Research ArticleGEOCHEMISTRY

Minerals with metal-organic framework structures

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Science Advances  05 Aug 2016:
Vol. 2, no. 8, e1600621
DOI: 10.1126/sciadv.1600621
  • Fig. 1 Stepanovite is a mineral with an MOF structure.

    (A) Stepanovite sample, Chai-Tumus coal deposit (Sakha-Yakutia, Siberia, Russia; sample from E. I. Nefedov’s collection). (B) schematic of an open anionic hcb framework composed of MI and MIII nodes bridged by oxalates. (C) A single layer of an analogous zinc-based proton-conducting MOF material, including guests (11). (D) Crystals of synthetic stepanovite. (E) A single metal-organic layer in stepanovite, viewed along the crystallographic c axis, displaying the anionic hcb [NaFe(ox)3]2− framework, with apertures occupied by Mg(H2O)62+. Hydrogen bonds between Mg(H2O)62+ guests and [NaFe(ox)3]2− framework are highlighted as yellow dotted lines.

  • Fig. 2 Structure of stepanovite and PXRD patterns of MOF minerals.

    (A) Hydrogen bonding environment of water guests between hcb layers of stepanovite. (B) Stepanovite structure viewed parallel to crystallographic a axis (water molecules were omitted for clarity), with offset ABCABC arrangement evident from stacking of Na+, Mg2+, and Fe3+ ions (blue, green, and orange, respectively) in neighboring layers. (C) Comparison of PXRD patterns (top to bottom): natural stepanovite, synthetic stepanovite, simulated NaMgFe(ox)3⋅9H2O, natural zhemchuzhnikovite, synthetic zhemchuzhnikovite, and simulated NaMgFe0.41Al0.59(ox)3⋅9H2O. The PXRD pattern of natural stepanovite is affected by the presence of a number of other minerals, of which the most abundant one is glushinskite, as well as amorphous organic material. For clarity, principal reflections of stepanovite are designated with “*.” List of indexed x-ray reflections for natural stepanovite and zhemchuzhnikovite is given in tables S1 and S2.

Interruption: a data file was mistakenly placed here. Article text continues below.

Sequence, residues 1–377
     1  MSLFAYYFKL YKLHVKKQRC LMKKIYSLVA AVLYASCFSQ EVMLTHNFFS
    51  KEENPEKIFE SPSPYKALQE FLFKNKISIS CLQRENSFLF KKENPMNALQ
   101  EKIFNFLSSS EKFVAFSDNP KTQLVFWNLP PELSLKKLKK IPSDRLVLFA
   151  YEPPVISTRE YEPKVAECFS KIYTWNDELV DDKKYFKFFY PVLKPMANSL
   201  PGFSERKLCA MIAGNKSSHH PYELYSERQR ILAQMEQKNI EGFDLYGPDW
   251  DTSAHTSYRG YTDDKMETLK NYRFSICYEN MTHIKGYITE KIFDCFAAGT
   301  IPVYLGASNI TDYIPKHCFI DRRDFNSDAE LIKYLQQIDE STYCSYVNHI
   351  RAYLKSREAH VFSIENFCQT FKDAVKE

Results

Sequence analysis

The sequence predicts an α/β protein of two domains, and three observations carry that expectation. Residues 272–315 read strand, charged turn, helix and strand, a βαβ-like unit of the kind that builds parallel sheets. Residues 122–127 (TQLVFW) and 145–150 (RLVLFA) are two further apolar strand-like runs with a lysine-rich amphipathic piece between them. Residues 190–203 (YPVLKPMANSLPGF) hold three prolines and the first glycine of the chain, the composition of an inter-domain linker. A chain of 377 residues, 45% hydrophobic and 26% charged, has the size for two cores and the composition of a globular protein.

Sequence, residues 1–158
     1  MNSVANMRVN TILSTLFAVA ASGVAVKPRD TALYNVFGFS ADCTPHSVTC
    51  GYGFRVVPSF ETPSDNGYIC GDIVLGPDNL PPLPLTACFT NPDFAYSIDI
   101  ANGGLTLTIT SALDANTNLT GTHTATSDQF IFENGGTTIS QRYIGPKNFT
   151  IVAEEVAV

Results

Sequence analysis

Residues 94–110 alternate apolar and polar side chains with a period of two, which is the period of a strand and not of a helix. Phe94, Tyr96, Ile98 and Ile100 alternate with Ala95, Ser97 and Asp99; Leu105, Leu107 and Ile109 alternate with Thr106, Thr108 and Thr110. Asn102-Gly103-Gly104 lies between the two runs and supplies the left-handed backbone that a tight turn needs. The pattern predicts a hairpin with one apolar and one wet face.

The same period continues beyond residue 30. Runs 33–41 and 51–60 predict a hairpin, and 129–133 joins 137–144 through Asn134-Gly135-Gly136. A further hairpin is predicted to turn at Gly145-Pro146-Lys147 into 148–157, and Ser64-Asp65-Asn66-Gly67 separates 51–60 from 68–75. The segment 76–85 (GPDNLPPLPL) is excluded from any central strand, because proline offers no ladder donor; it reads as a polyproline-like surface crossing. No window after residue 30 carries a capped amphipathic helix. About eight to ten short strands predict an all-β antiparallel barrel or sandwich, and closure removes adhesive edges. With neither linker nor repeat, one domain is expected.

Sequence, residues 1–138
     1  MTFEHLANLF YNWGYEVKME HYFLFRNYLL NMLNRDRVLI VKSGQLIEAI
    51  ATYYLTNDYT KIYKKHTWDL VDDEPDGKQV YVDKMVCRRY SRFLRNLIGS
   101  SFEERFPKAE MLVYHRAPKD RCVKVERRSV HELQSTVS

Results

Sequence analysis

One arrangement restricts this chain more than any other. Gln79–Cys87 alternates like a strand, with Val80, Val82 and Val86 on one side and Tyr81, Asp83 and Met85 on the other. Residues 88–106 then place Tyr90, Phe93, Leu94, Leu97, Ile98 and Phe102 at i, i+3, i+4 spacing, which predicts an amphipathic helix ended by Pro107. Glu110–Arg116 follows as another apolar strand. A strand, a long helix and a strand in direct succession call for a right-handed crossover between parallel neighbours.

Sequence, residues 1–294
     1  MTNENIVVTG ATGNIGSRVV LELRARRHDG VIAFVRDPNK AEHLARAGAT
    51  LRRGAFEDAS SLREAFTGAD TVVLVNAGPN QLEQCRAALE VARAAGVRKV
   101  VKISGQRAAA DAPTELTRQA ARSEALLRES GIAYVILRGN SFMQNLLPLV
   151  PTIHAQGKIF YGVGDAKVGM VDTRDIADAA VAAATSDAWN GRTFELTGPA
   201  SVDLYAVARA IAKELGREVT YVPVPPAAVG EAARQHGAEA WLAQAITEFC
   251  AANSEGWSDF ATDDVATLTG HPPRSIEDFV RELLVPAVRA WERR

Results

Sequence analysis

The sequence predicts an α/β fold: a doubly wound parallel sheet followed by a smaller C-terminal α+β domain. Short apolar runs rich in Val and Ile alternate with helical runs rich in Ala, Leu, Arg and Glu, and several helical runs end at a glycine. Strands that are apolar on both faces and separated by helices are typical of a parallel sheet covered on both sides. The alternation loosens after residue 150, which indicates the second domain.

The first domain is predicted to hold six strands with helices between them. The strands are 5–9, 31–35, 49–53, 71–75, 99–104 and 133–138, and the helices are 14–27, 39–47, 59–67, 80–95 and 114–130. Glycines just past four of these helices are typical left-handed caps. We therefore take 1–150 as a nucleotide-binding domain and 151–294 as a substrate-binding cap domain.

• Fig. 3 Crystal structure of zhemchuzhnikovite and role of aluminum in its formation.

    (A) Zhemchuzhnikovite structure viewed down the crystallographic c axis, demonstrating the alignment of MOF layers into channels occupied by Mg(H2O)62+. For clarity, the hcb layers are shown in space-filling mode, Mg(H2O)62+, and interstitial water molecules using capped sticks. (B) PXRD patterns (top to bottom): simulated NaMgFe0.41Al0.59(ox)3⋅9H2O, simulated NaMgFe(ox)3⋅9H2O, NaMgAl(ox)3⋅9H2O, products of LAG of NaMgFe(ox)3⋅9H2O and NaMgAl(ox)3⋅9H2O in different stoichiometric ratios (50:50, 70:30, 80:20, and 90:10), and product of dry milling of NaMgFe(ox)3⋅9H2O and NaMgAl(ox)3⋅9H2O in 50:50 ratio. The PXRD patterns reveal formation of zhemchuzhnikovite structure for Fe/Al ratios up to ~80:20, whereas a higher Fe/Al ratio favors stepanovite structure. Two characteristic reflections that distinguish zhemchuzhnikovite and stepanovite structures are highlighted by “z” and “s,” respectively.

  • Fig. 4 Hydrogen-bonded motifs in stepanovite and zhemchuzhnikovite and reversibility of thermal dehydration of zhemchuzhnikovite.

    (A) The 3D hydrogen-bonded network of Mg(H2O)62+ ions and interlayer water molecules in stepanovite. (B) Three parallel hydrogen-bonded columns of Mg(H2O)62+ ions and interlayer water molecules in zhemchuzhnikovite, each propagating through a channel formed by the overlap of hcb layers. For clarity, the metal-organic hcb layers are omitted. (C) The reversibility of structural changes upon dehydration and rehydration of synthetic zhemchuzhnikovite is demonstrated by comparison of PXRD patterns (top to bottom): simulated zhemchuzhnikovite NaMgFe0.41Al0.59(ox)3⋅9H2O; simulated for stepanovite NaMgFe(ox)3⋅9H2O; and zhemchuzhnikovite after one, two, and three cycles of thermal dehydration at 90°C and rehydration by exposure to 100% relative humidity (RH) at room temperature.

  • Table 1 Crystallographic data for stepanovite and zhemchuzhnikovite.

    Comparison of crystallographic and general parameters reported by Knipovich et al. (8) to the investigated natural and synthetic samples in this study.

    Stepanovite
    Reported by Knipovich et al. (8)NaturalSynthetic
    Crystal systemTrigonalTrigonalTrigonal
    FormulaNaMgFe(C2O4)3·8-9H2ONaMgFe(C2O4)3·9H2ONaMgFe(C2O4)3·9H2O
    Space groupNot reportedR3cR3c
    a (Å)9.78*9.8367(13)*9.887(13)*
    c (Å)36.6736.902(5)37.03(5)
    a/c ratio1:3.73–1:3.76*1:3.75*1:3.75*
    V3)30703092.2(7)3135(9)
    Z666
    ColorGreenGreenish yellowGreen
    Density (g cm)1.691.71 (calculated)1.68 (calculated)
    Zhemchuzhnikovite
    Reported by Knipovich et al. (8)NaturalSynthetic
    Crystal systemTrigonalTrigonalTrigonal
    FormulaNaMg(Fe0.4Al0.6)(C2O4)3·8-9H2ONaMg(Fe0.31Al0.69)(C2O4)3·9H2ONaMg(Fe1−xAlx)(C2O4)3·9H2O
    Space groupNot reportedP3c1P3c1
    a (Å)16.6716.809(7)16.919(2)§
    c (Å)12.5112.658(6)12.561(2)§
    a/c ratio1:0.75–1:0.7391:0.7531:0.742§
    V3)30013097(2)3113.8(9)§